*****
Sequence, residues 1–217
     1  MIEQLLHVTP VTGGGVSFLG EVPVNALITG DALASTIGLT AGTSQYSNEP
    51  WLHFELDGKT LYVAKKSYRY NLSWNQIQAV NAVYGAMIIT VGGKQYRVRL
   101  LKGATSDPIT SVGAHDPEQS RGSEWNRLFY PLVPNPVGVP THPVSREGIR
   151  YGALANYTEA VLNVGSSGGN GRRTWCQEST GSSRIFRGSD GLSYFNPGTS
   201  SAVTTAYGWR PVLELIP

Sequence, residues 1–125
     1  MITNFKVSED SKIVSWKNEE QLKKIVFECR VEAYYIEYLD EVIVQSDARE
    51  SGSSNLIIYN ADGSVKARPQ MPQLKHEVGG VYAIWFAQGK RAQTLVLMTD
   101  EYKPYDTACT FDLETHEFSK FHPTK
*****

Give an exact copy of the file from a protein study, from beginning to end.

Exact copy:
Sequence, residues 1–217
     1  MIEQLLHVTP VTGGGVSFLG EVPVNALITG DALASTIGLT AGTSQYSNEP
    51  WLHFELDGKT LYVAKKSYRY NLSWNQIQAV NAVYGAMIIT VGGKQYRVRL
   101  LKGATSDPIT SVGAHDPEQS RGSEWNRLFY PLVPNPVGVP THPVSREGIR
   151  YGALANYTEA VLNVGSSGGN GRRTWCQEST GSSRIFRGSD GLSYFNPGTS
   201  SAVTTAYGWR PVLELIP

Sequence, residues 1–125
     1  MITNFKVSED SKIVSWKNEE QLKKIVFECR VEAYYIEYLD EVIVQSDARE
    51  SGSSNLIIYN ADGSVKARPQ MPQLKHEVGG VYAIWFAQGK RAQTLVLMTD
   101  EYKPYDTACT FDLETHEFSK FHPTK